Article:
I get three questions when writers first meet me for dinner. #1) What’s your favorite place? #2) Who’s the biggest weirdo/coolest of all the food bloggers you’ve met? And #3) How’d you pick the restaurants? To put it simply, I made a list of the restaurants I most wanted to visit and those on board are the ones who were excited about the project and said yes first, It was very easy to get lunch places on board (and I even have a few lunch places that I didn’t visit for some reason or another). I had the largest number of places to call for dinner, because that’s the meal people have when they “go out” to eat.
My breakfasts were lacking. I’d let a bunch of the writers know that I needed breakfasts lined up for the project and Simon Dang (link) let me know that he had a friend that owned a bar that did a great brunch … in Brooklyn! Crap. I’m on 116th and Lex, that’s about an hour away and it’s a transfer from the 6. Ugh.
So I’m late already and I get on the 6 downtown and figure I’ll change at 86th. I start typing out a post and am rocking, so I figure I’ll change at 59th instead, then I remember the huge escalator there (I once considered this the longest escalator I’d ever seen) and said F it. I definitely need to change at 42nd. When we roll in, we’re on the express track. I didn’t hear them announce this change. I think I told Melissa I was late because of the train.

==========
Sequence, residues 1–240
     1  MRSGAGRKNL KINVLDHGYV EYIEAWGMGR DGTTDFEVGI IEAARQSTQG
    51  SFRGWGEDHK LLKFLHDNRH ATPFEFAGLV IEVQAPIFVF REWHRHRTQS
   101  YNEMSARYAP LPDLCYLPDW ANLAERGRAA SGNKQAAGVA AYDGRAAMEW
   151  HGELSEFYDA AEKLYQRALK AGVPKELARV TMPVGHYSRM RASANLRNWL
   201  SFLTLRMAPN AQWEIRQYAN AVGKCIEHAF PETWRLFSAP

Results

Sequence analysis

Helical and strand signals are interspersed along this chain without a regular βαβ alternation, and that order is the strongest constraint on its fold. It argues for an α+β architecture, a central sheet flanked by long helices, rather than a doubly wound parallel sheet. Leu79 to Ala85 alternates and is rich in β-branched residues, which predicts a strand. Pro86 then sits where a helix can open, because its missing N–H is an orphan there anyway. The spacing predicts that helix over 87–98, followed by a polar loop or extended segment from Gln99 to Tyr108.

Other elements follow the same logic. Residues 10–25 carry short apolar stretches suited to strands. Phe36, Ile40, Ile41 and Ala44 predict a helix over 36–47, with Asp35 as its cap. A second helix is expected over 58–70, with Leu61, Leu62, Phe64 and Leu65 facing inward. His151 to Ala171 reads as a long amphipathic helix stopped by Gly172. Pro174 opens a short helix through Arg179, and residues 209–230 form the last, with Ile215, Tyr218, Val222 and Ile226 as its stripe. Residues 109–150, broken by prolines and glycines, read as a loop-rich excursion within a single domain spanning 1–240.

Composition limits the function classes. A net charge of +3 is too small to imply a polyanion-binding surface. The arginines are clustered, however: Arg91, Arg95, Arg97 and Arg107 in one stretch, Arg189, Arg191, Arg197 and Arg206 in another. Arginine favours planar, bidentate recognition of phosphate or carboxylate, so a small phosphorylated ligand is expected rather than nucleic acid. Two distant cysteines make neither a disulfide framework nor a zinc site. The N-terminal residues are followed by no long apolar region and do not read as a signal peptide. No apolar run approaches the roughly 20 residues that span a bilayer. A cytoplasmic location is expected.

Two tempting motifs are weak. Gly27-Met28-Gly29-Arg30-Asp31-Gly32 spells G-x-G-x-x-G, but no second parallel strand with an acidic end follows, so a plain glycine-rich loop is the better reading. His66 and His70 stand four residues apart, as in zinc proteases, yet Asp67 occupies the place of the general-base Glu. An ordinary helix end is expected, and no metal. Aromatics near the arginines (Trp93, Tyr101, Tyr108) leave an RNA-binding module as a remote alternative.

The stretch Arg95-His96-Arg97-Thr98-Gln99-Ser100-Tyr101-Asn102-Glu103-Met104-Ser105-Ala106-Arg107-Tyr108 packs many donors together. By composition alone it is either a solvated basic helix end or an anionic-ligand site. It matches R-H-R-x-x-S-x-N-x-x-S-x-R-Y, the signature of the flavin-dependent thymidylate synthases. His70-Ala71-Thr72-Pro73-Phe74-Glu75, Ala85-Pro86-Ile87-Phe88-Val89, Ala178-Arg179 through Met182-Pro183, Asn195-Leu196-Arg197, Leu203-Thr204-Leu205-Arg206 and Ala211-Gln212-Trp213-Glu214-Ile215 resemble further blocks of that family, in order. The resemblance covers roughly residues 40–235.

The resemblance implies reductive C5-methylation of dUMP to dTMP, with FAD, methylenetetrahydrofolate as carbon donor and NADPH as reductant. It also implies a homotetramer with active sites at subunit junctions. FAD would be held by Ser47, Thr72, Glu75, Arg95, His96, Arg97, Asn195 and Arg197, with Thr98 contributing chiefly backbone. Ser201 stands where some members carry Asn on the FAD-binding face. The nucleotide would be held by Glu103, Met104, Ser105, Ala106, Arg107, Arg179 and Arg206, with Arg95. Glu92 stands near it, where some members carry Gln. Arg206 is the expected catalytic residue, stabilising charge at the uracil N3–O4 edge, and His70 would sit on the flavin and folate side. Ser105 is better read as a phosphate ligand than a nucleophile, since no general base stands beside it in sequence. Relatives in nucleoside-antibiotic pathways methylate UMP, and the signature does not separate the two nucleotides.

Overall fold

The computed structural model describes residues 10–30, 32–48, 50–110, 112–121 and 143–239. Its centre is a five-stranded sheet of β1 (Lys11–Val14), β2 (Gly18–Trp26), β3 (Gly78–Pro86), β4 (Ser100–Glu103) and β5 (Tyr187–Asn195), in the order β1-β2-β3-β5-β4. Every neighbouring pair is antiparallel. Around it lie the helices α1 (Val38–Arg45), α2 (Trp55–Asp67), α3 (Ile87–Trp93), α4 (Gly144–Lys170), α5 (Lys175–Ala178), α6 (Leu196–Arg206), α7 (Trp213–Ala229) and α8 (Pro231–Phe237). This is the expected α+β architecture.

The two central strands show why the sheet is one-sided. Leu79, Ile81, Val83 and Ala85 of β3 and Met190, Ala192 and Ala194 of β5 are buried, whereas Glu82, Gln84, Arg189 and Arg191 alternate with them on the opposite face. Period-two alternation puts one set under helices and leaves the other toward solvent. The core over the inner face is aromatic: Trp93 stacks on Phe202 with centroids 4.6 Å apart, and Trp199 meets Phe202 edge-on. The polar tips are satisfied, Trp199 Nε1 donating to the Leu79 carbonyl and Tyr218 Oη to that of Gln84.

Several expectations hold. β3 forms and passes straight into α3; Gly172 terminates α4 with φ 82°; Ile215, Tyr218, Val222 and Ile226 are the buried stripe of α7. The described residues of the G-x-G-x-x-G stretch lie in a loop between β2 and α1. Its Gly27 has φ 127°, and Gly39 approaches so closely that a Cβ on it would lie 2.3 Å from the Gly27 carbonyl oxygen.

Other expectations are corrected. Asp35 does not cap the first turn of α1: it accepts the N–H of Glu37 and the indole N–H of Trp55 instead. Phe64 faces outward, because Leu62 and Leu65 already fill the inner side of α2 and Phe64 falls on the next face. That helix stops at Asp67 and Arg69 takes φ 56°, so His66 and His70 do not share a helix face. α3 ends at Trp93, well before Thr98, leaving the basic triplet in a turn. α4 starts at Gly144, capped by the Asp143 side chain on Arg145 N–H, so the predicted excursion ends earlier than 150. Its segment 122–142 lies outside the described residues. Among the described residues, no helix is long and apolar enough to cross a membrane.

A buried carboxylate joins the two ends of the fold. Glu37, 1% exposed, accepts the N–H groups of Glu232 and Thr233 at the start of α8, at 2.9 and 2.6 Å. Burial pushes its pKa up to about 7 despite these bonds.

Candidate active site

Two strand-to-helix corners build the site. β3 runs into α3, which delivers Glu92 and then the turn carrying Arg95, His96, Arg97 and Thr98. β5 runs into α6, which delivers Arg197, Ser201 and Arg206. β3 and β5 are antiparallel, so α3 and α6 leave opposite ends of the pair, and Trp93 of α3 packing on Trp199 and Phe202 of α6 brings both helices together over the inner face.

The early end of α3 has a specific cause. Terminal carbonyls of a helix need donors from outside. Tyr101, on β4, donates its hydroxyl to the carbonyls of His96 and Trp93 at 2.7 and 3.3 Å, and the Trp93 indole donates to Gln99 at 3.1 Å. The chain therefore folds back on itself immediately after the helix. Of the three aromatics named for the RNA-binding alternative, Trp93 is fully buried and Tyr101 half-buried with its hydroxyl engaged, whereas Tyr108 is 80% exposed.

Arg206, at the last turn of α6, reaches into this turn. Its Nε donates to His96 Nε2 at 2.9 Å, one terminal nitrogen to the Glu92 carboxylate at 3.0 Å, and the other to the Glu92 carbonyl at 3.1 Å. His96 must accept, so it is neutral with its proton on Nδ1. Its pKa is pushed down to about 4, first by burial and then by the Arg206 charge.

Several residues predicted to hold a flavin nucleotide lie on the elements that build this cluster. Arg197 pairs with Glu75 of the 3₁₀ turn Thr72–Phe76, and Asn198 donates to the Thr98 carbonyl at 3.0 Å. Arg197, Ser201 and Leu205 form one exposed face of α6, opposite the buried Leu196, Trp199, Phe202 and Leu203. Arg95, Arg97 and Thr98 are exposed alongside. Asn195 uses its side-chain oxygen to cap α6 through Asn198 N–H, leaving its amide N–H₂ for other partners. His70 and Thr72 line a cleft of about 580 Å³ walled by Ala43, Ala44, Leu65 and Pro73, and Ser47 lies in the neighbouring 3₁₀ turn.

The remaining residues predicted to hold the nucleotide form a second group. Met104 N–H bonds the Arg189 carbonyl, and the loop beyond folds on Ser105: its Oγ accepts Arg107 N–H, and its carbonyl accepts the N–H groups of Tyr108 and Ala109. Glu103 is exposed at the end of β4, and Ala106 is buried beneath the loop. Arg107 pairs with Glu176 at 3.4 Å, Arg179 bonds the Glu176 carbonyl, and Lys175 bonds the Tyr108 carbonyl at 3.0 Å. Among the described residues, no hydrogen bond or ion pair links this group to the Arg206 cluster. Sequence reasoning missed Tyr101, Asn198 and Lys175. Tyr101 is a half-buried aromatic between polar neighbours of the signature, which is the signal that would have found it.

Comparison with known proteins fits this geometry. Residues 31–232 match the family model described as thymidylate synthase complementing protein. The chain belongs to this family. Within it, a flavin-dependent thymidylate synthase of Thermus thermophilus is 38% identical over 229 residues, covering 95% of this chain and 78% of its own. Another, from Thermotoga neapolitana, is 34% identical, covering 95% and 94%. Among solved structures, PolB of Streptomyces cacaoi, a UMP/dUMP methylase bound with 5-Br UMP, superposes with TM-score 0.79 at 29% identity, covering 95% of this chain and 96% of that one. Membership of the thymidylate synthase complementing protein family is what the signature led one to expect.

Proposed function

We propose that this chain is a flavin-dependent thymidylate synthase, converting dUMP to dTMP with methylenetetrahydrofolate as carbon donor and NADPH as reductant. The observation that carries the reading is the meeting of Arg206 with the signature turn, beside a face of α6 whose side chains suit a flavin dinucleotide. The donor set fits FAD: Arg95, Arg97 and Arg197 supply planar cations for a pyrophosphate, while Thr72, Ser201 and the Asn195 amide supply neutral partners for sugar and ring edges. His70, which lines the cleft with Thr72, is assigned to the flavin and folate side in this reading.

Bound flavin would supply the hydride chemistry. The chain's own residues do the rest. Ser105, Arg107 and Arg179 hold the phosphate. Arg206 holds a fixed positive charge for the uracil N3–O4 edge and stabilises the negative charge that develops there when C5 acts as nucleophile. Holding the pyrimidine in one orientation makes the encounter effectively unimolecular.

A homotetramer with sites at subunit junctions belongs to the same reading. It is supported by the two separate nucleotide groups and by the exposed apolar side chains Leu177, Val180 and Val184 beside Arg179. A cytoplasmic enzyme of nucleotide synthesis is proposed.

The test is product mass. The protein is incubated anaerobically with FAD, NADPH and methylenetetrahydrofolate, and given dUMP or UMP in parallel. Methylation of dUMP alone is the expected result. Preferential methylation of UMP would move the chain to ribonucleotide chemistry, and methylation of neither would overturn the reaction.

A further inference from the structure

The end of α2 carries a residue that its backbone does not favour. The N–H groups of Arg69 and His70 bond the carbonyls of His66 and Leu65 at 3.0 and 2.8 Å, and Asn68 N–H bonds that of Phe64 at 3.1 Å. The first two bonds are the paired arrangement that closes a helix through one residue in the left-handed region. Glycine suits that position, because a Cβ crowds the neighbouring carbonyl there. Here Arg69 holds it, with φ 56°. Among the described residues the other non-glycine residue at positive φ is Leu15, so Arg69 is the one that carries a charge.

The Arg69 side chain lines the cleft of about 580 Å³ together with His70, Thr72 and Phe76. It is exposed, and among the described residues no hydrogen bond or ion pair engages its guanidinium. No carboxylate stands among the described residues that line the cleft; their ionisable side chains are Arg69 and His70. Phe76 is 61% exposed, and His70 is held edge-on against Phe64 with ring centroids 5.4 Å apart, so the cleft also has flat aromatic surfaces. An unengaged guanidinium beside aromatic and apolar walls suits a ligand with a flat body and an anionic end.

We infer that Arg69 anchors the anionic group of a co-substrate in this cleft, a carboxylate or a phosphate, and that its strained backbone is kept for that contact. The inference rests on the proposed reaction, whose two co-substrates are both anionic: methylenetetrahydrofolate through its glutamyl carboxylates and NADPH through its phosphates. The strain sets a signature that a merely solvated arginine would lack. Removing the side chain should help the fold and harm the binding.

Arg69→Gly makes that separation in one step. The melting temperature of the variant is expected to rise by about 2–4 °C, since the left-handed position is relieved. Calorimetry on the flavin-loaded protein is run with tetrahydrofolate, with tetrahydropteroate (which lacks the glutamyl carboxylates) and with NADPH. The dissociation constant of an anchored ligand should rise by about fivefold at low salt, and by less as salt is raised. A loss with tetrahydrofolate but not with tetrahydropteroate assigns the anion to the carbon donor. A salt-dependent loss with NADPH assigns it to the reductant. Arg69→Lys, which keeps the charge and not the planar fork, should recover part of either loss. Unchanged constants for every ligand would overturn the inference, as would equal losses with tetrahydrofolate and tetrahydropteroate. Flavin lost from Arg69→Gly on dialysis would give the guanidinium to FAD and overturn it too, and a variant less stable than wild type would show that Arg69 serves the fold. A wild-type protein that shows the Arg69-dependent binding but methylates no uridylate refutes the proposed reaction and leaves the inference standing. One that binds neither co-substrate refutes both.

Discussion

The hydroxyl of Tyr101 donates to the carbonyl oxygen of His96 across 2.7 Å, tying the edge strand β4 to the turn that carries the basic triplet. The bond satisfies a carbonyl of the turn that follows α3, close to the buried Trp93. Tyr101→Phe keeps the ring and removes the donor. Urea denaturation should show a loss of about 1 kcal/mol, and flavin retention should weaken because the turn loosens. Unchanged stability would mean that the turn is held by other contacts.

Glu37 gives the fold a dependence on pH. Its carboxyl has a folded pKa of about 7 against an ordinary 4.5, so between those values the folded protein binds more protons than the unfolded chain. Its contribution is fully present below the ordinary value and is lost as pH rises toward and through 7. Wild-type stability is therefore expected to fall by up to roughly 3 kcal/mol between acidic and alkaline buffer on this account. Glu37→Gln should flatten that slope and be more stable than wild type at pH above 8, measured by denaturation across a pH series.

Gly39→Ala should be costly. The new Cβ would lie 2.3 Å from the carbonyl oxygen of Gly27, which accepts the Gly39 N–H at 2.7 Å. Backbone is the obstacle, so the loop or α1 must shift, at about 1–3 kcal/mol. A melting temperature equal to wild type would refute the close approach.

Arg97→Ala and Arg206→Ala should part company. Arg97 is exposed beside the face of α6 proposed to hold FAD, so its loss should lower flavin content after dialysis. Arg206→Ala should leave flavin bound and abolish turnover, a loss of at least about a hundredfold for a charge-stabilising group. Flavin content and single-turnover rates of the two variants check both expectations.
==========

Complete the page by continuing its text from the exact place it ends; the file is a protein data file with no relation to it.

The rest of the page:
How many cappuccinos have I had on this journey? How do I rate them? This was a a pretty good one. Did it make me say OMG WTF like the coffee Dan Delaney (link) got me at Gimme Coffee? No, but it had some nice foam and wasn’t bad. The coffee at Norma’s? Effin TERRIBLE.
French Onion Soup
You know how you have to twirl the cheese on some french onion soup like spaghetti to get a bite? I’m always annoyed by that. Well, this one doesn’t do that. The onions were sweet and the bread stayed together, even after all our photography.
I picked up the slices of bacon and started using them to scoop up the french onion soup. Christophe and Jayme (Simon’s friends) asked me why I was doing this. Now, besides the fact that bacon is not made for this, you must remember that bacon is delicious and if incorporated into a dish has a higher than normal probability of improving it.
There wasn’t much improving that could be brought to the Madame. I’m going to put these guys in the #5 spot for the best fries in the city (and I’ve had a lot of fries), they were pretty strong. I only got two bites of this but immediately wish I’d ordered it. The peasant bread it was on stayed super crispy for the whole meal, the gruyere was firm and tart, and the runny egg; I think I’ll have to order all my croques Madame from here on out.
Red peppers, onions, green pepper, olives, eggplant, zucchini, lamb sausage and two over easy eggs, so Christophe described it as a ratatouille with sausage. I wanted more lamb sausage; I’d never had it before and it was pretty wild. It tasted like you would think lamb sausage would taste like; pretty lamby. This dish had no cheese, but I don’t think it (or I) needed any.
In the vein of always ordering dessert, we asked what we should try. Our waiter said that the flourless chocolate cake was fantastic. I’m all for taking suggestions, but can you give me a more original answer than flourless chocolate cake? Maybe it’s just the restaurants that I picked specifically, but it seems to me like whenever I ask the dessert question that I am given the same answer. We decided to ignore our waiter’s request and got the profiteroles. Everything was exceptional about these but the ice cream. I was looking for a cream or at least a custard; wasn’t ready for ice cream. I felt like they could do better on this one.
Here’s our video:
Guest Writer: Melissa Sands
The IRL Arts Foundation and The Wandering Foodie thank Bar Tabac for providing this meal.
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